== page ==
Whatever you can do, or dream you can, begin it.
Boldness has genius, power, and magic in it!”

– William Hutchison Murray

I have wanted to be a priestess ever since I read The Mists of Avalon in high school (thanks, Bill and Cole). Reading about Morgaine, and the House of Maidens, I wanted to go there. I even went to Glastonbury when I went to England in university. And yes, I *did* get up before dawn on Beltaine morning and climbed the Tor. Sadly, I did not cross through the mists. 🙁

Fast forward many years, and I am now a priestess. I’ve gone to school and received an Associate Degree in Wiccan Ministry. And I’ve been thinking about getting a priestess moon tattoo on my forehead. It’s a big step. There’s no hiding a facial tattoo. (I know, I know. Makeup. Bangs. There are totally ways to hide a tattoo on your forehead. Go with me here.)

So I’ve thought about it quite a bit. I would want it to mark a significant moment. Or maybe I ought to wait until I can retire. But that’s likely to be a long time off. I thought about getting it when I received my 3rd degree initiation. I wasn’t quite ready then. Like I said, it’s a big step.

A few weeks ago, I helped my friend Shelby cross over. Afterwards, I felt it was finally time, that I had earned it. The next question was when to actually do it. For such an important rite of passage, I didn’t want to just do it “next Tuesday”. I reached out to a friend of mine who is an astrologer over at Hestia’s Muse. Wendy gave me some great guidance, and I booked my appointment with Grey Owl Tattoo.

I asked three of my priestess friends to join me to support me through the process. Thankfully, Jenny at Grey Owl is quite spiritual, and was super accommodating with my request to make it a ritual. It probably helped that Cece put in a good word! They chanted to raise the energy, and I meditated and prayed my devotion to Goddess. Dawne even sang a song she wrote. It was powerful and moving and I felt so honored to be surrounded by powerful women. I’m so happy I got my moon tattoo. It’s empowering, and it feels so right for me. I know it’s not for everyone, though it is right for me. It was definitely a rite of passage that I am grateful I went through. I am committed to my path, and I look forward to Providence moving.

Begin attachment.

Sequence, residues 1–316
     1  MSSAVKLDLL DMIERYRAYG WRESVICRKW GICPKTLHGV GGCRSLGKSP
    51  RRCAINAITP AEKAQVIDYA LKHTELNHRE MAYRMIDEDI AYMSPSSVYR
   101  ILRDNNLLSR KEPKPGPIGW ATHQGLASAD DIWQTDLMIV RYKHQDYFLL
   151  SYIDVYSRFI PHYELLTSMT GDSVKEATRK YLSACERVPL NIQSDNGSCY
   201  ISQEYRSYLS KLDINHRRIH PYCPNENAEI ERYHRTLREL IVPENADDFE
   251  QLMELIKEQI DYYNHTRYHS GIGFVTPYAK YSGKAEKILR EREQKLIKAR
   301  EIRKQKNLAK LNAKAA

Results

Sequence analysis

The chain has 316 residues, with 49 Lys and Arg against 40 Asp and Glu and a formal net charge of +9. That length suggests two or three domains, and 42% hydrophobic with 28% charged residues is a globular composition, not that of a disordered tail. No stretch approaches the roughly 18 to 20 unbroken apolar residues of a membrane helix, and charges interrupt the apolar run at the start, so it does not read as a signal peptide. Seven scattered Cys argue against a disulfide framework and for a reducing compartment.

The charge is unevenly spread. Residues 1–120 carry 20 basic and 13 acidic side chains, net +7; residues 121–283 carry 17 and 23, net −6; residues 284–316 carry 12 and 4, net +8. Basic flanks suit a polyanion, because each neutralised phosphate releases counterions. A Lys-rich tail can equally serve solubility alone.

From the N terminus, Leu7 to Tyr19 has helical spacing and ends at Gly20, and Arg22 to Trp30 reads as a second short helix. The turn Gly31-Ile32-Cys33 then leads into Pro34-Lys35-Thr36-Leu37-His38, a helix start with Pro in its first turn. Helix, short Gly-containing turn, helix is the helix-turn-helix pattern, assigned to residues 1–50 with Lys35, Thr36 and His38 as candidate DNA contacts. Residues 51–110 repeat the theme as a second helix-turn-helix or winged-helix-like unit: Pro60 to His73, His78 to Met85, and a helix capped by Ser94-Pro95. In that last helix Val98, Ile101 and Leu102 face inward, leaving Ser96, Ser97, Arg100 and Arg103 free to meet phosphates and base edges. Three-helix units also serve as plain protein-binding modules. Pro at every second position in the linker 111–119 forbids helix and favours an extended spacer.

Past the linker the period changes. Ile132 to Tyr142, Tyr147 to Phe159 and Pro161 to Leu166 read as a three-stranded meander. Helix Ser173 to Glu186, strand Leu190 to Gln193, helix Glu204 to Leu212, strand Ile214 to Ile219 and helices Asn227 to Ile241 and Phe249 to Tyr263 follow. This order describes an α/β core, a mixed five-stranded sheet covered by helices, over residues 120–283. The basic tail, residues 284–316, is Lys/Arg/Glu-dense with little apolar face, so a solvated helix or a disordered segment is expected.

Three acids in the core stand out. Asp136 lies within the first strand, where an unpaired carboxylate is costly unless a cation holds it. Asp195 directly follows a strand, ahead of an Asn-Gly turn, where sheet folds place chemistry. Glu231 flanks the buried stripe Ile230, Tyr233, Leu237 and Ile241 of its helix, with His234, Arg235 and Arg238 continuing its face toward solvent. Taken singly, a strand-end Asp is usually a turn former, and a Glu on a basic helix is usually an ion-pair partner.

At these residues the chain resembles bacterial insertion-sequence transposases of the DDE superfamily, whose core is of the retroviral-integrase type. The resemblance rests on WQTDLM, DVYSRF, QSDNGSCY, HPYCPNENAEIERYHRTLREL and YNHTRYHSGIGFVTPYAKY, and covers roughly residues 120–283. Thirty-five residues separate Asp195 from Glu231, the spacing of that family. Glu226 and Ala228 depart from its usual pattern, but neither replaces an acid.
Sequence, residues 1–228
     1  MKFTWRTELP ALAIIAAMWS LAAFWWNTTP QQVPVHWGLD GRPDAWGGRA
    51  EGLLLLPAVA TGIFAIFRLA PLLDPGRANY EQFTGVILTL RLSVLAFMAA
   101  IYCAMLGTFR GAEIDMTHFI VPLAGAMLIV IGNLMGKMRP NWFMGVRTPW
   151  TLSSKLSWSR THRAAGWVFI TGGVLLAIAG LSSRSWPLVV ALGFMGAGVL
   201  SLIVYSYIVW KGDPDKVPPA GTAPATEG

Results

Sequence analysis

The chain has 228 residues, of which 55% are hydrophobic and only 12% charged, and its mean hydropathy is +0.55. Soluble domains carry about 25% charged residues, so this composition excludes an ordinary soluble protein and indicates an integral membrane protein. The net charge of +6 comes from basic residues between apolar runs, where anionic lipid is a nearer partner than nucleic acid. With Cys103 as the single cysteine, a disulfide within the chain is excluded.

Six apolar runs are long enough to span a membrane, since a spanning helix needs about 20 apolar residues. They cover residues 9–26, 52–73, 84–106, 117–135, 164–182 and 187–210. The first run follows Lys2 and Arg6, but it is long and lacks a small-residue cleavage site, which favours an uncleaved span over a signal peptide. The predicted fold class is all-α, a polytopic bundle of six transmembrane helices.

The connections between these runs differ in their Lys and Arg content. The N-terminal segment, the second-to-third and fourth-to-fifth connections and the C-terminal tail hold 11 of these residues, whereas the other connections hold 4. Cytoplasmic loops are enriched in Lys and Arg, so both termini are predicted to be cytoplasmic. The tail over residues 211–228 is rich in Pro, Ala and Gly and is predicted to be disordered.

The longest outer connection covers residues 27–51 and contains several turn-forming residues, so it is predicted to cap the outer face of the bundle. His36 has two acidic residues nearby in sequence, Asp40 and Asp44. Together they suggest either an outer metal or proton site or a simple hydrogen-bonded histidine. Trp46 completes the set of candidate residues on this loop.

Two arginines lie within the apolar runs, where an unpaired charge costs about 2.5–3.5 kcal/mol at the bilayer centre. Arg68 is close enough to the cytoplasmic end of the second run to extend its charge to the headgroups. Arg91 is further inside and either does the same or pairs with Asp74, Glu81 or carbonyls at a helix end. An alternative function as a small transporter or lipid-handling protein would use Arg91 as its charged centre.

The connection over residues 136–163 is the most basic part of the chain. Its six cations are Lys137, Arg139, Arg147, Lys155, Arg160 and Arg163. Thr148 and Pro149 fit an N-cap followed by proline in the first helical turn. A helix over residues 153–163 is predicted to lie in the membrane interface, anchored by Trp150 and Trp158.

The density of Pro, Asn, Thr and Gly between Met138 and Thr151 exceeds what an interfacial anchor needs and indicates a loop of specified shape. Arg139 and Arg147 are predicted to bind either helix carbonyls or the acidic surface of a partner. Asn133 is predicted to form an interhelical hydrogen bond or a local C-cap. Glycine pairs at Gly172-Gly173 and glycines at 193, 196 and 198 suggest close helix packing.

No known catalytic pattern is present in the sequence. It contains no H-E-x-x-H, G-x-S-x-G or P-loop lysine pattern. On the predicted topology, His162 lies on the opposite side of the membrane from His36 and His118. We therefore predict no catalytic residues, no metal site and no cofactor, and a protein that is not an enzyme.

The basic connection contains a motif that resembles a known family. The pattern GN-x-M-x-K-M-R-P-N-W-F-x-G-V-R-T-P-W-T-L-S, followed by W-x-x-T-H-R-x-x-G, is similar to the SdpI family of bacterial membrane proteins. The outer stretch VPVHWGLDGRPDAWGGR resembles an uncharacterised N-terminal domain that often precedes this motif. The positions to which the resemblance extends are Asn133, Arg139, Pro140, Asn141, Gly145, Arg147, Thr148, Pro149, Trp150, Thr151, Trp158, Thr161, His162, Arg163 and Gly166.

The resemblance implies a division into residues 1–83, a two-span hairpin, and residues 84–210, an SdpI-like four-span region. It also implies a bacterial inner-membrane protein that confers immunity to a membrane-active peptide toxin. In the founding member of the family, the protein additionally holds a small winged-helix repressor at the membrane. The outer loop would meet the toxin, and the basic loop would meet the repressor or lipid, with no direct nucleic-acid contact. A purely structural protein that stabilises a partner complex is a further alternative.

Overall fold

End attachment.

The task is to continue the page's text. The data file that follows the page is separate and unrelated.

Blessings,
Mary

Patriotism Week

All week I was super excited to share with you about a rite of passage I went through last week. I even started writing the post. And then, I attended the Canada Day festivities…

flags Canada USIt was a lovely day! Vendors, food, live music, all the weather (seriously – it was cool and overcast in the morning, then hot, then rain, then wind, then sun and wind), and, of course, fireworks to end the night.